Next, whether the levels of anti-RHA in patients years after diagnosis are lower than those of patients with early-disease status was evaluated by comparing the intensity of RHA IP and years after diagnosis (Figure 2d). Although the linear regression analysis suggested a negative association between these two, it was not statistically significant. It appeared that the samples with very strong anti-RHA antibodies and the ones with weak anti-RHA were both scattered throughout the different stages of the disease, suggesting that anti-RHA levels do not decrease dramatically, unlike in American patients in the previous report [4].

Detailed information on SLE classification criteria was available from 12 anti-RHA (+) and 42 anti-RHA (-) patients. The prevalence of each SLE criteria was compared between anti-RHA (+) and (-) groups to examine whether anti-RHA (+) SLE had unique clinical features. The prevalence of all criteria items appeared to be similar between groups (data not shown). Whether anti-RHA (+) SLE had different disease activity was evaluated by comparing SLEDAI between anti-RHA (+) and (-) patients, but no clear difference was found (Figure 2e). No correlation between the levels of anti-RHA antibodies and disease activity was observed (Figure 2f).

Levels of various autoantibodies and anti-RHA antibodies

The prevalence of coexisting autoantibodies was not significantly different between anti-RHA-positive and -negative patients (Table 1). Levels of anti-U1RNP/Sm, -ribosomal P (P peptide), dsDNA, and β2GPI antibodies by ELISA were compared between anti-RHA-positive and -negative cases (Figure 3a-d); however, the difference was not apparent for any of these specificities.
https://static-content.springer.com/image/art%3A10.1186%2Far2905/MediaObjects/13075_2009_Article_2740_Fig3_HTML.jpg
Figure 3

Levels of anti-RNA helicase A (anti-RHA) versus other autoantibodies. IgG anti-U1RNP/Sm, ribosomal P (P peptide), double-stranded DNA (dsDNA), and β2 glycoprotein I (β2GPI) were determined by enzyme-linked immunosorbent assay. Serum dilutions used were 1:2,500 for anti-U1RNP/Sm and 1:500 for all others. Anti-RHA levels were semiquantified from immunoprecipitation using phosphorimager. (a) Anti-U1RNP/Sm antibodies. (b) Anti-P peptide antibodies. (c) Anti-dsDNA. (d) Anti-β2GPI. (e) Anti-RHA levels in anti-U1RNP/Sm-positive versus -negative sera. (f) Correlation of anti-RHA versus anti-U1RNP/Sm.

The levels of anti-RHA quantified by phosphorimager and those of anti-U1RNP/Sm by ELISA were compared. Although the subjects with high levels of anti-RHA may be more common in the anti-U1RNP/Sm-negative group, the difference did not reach statistical significance (P = 0.07 by Student t test) (Figure 3e). None of the anti-U1RNP/Sm (+) cases (0/5) had an anti-RHA integrated density of greater than 30,000 versus 56% (5/9) in the anti-U1RNP/Sm (-) group (P = 0.086 by Fisher exact test). There was a trend of negative correlation between levels of anti-RHA and anti-U1RNP/Sm; however, it was not statistically significant (Figure 3f).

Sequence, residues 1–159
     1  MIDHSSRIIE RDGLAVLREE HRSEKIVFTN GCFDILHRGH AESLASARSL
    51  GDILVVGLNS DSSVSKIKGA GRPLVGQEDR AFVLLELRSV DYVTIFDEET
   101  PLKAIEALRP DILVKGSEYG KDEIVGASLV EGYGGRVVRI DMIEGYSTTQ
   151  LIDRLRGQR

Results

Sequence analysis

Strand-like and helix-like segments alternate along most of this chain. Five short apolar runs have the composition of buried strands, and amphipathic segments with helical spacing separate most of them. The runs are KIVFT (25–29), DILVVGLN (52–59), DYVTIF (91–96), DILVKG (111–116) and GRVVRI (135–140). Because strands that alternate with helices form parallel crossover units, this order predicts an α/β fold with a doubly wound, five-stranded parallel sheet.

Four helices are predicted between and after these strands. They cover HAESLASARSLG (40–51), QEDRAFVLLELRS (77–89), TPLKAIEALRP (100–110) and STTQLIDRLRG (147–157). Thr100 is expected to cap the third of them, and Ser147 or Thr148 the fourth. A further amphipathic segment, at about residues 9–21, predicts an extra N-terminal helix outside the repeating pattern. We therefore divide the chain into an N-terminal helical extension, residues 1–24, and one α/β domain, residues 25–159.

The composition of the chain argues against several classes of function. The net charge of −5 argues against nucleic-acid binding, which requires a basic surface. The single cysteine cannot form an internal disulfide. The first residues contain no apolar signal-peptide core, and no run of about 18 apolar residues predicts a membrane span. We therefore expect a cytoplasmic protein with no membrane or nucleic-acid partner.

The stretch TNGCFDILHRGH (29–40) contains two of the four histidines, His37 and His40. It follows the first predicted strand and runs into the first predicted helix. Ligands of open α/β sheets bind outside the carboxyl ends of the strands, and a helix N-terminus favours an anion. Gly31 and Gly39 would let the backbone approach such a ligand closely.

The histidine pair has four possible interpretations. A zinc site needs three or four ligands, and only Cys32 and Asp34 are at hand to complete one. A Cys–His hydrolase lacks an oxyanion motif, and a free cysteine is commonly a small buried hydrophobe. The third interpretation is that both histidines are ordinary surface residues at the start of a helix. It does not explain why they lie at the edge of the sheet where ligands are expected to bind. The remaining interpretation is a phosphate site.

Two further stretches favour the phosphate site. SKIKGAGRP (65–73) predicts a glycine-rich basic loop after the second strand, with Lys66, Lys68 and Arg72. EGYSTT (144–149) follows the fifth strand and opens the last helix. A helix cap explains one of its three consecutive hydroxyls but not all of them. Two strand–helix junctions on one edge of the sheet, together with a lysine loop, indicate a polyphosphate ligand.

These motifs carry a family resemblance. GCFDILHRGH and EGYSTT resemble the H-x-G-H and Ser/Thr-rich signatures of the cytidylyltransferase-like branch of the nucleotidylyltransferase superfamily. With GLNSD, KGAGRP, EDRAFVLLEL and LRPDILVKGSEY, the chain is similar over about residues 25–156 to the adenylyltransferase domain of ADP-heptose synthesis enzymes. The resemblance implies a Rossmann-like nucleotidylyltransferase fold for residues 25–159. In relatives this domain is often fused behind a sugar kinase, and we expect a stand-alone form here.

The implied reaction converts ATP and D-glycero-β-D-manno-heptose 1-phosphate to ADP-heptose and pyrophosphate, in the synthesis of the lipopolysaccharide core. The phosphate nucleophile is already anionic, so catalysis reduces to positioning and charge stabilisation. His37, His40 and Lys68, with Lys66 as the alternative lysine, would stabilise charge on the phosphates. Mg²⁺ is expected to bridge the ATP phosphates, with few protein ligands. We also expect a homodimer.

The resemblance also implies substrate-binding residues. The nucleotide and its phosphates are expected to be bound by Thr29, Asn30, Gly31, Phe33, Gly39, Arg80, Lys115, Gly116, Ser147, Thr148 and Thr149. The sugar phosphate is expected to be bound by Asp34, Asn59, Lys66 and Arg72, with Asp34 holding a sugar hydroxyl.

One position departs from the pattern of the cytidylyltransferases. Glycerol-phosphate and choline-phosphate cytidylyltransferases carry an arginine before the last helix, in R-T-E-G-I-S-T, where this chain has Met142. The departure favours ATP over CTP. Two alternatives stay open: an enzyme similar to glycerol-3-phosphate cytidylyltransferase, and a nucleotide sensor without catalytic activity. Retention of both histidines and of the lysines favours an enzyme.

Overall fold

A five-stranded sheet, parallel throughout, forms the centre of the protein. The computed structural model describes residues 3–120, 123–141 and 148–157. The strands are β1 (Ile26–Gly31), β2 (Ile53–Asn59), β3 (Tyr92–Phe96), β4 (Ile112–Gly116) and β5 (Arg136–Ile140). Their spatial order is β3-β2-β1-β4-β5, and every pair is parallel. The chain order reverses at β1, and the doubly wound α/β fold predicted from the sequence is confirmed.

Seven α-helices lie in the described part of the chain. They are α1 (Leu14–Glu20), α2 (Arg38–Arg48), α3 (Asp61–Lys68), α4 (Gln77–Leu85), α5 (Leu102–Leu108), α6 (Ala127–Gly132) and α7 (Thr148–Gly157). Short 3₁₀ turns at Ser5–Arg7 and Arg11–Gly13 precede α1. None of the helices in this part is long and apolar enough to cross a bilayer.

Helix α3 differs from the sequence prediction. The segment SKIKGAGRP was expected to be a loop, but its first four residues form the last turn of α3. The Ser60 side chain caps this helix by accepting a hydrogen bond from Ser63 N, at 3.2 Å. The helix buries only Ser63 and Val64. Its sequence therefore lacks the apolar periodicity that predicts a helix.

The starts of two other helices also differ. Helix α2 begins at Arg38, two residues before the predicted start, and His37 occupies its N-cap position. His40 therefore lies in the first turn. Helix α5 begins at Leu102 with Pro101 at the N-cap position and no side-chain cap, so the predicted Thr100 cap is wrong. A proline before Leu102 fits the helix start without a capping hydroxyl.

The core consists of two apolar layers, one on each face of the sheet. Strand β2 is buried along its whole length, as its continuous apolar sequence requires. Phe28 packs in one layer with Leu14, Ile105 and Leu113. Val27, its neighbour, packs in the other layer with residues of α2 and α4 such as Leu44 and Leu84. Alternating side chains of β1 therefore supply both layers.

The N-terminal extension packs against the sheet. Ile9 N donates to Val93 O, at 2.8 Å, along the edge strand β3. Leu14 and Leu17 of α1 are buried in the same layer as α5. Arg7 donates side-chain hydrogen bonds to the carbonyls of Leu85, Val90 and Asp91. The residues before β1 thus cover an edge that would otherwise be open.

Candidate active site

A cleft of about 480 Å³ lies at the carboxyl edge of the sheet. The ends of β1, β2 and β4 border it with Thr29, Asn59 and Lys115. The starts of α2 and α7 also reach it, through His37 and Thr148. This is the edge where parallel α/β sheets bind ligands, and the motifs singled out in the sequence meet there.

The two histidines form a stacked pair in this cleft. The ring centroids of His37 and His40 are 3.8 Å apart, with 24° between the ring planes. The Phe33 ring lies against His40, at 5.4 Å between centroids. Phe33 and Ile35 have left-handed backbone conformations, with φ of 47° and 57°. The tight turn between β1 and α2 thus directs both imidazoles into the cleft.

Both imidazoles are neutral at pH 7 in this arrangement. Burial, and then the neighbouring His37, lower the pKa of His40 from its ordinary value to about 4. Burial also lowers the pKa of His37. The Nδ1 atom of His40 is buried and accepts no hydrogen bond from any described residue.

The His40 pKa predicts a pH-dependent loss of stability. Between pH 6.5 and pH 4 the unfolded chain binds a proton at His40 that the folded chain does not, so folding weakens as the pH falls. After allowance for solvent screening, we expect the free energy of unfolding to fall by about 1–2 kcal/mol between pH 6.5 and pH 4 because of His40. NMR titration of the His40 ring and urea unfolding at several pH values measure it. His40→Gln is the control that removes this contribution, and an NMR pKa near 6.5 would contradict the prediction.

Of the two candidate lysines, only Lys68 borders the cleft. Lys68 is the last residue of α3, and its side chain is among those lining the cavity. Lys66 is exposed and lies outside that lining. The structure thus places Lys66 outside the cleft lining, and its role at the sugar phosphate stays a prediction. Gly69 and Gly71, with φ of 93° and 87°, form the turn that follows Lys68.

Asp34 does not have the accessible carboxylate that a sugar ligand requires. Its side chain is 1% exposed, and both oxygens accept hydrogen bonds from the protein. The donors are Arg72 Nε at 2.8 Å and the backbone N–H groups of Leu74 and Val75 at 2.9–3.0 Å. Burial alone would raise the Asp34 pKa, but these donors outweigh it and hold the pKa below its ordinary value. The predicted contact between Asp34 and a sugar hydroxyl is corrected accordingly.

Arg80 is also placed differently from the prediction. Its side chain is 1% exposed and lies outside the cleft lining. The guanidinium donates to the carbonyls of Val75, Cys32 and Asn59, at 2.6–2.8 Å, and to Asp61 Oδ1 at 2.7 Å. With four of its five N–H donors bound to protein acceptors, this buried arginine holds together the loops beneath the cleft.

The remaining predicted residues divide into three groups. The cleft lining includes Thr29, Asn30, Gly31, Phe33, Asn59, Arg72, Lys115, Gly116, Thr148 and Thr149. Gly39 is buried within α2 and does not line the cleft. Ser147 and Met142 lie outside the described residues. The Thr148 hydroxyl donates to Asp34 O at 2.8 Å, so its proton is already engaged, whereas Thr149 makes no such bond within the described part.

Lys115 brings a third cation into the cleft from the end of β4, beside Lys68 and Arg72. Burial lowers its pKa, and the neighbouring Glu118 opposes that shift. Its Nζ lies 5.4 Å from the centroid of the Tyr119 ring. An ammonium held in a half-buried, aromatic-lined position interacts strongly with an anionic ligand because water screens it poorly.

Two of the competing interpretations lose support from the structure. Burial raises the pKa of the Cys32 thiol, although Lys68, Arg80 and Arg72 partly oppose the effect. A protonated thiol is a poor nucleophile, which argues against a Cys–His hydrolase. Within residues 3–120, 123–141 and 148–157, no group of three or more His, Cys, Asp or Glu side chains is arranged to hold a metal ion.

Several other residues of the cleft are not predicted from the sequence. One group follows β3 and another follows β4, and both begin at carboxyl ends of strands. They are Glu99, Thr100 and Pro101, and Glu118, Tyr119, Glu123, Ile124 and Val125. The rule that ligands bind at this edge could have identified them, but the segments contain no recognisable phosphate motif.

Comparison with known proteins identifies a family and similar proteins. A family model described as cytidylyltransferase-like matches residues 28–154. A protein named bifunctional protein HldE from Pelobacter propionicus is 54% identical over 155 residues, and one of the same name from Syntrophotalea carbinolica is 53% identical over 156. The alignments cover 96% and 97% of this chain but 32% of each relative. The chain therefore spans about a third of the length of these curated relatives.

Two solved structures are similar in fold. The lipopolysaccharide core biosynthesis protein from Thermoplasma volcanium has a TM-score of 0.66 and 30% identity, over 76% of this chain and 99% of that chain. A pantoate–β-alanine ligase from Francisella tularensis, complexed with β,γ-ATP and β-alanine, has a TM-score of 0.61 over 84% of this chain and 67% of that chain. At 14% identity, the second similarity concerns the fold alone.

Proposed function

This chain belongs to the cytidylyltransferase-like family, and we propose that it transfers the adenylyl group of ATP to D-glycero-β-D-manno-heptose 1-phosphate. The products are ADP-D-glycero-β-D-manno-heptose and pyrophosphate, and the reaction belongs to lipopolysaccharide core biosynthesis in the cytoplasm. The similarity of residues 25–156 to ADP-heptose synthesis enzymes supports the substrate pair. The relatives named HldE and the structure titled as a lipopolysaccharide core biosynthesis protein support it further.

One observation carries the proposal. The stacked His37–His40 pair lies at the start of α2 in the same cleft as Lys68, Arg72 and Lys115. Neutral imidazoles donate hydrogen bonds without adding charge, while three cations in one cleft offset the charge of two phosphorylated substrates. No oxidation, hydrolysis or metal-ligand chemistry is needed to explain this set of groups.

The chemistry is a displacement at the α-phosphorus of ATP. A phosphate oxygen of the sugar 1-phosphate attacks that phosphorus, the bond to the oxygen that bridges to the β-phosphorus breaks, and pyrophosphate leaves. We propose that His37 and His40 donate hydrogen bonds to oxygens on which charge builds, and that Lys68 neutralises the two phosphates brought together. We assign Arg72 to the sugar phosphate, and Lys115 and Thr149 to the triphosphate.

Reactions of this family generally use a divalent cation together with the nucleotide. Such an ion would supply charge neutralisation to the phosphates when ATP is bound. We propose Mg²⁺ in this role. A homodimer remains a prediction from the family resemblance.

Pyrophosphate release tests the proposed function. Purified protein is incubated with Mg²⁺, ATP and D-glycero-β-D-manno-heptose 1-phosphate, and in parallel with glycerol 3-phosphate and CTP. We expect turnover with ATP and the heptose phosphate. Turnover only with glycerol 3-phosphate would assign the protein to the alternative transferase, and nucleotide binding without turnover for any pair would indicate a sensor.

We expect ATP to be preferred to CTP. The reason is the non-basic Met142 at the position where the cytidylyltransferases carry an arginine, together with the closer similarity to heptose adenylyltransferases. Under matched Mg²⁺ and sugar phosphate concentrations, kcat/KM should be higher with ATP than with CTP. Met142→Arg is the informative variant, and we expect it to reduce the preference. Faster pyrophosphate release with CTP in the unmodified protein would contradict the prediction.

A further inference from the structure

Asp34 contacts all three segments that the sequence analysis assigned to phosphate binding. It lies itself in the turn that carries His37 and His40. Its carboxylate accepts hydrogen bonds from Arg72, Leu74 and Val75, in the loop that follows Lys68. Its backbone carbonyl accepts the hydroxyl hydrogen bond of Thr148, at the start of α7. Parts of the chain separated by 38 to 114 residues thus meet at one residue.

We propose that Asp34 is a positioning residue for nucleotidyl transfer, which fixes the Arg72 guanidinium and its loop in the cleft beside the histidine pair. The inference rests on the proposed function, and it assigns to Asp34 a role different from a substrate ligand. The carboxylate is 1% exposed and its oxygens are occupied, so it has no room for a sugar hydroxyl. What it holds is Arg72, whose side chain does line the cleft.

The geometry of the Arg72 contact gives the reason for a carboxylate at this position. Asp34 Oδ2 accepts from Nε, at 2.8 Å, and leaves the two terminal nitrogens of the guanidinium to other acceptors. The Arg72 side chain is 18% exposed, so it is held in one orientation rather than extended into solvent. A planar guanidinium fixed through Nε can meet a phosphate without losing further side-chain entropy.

Discussion

Anti-Sm antibody is a well-established serological marker of SLE and is one of the minor criteria under immunological disorders of the SLE classification criteria [3]. However, it is found in only approximately 15% of SLE patients and in particular it is uncommon in Caucasians [19]. Thus, an additional serological marker specific for SLE should be clinically useful. Anti-RHA has recently been reported as a new serological marker of SLE in the US [4]. The rates of prevalence in the previous study were 6% in the general SLE population, approximately 6% in Caucasians and African-Americans, and 12% in the Latin population; however, only 3 out of 25 Latin patients were positive. The present study showed a much higher prevalence of anti-RHA: 23% in Mexican patients with SLE. Although anti-RHA appears specific for SLE in the previous study regardless of the race, the number of Latin patients was relatively small [4]. Disease specificity of anti-RHA in other ethnicities, including Mexicans, will need to be established in future studies. In contrast to previous data [4], the presence of anti-RHA was not skewed toward patients in an early stage of the disease in the current study (Table 1). A comparison of years between diagnosis and anti-RHA test versus levels of anti-RHA (Figure 2d) did not show a clear negative correlation, suggesting a relatively stable production of anti-RHA over time in Mexican patients. There are several potential explanations for the discrepancy. One possibility is the racial difference. The previous study on anti-RHA-positive SLE included 8 Caucasians but only 3 African-Americans and 3 Latin patients, indicating that the data were much affected by the characteristics of Caucasian anti-RHA-positive SLE patients. A recent analysis of the same study population showed that the majority of Caucasian patients with anti-RHA were at an early stage of SLE; 5 out of 8 anti-RHA patients were within one year of diagnosis [7]. However, this may not be the case for other races, a circumstance that may potentially explain the difference.

A second difference is a distribution of different stages of SLE patients for reasons that are not clear; the previous American study had a large percentage of patients in an early stage of SLE [4]. In the previous study, the percentage of patients within 1 or 2 years into the disease was nearly twice that of the present study (13% versus 7%, 27% versus 15%, within 1 year and 2 years, respectively). Although the reduction of anti-RHA levels did not appear to be a simple result of immunosuppressive therapy, current and historical treatment may also have effects on the data mentioned above. These points should be addressed in future studies with a large number of patients from different ethnicities.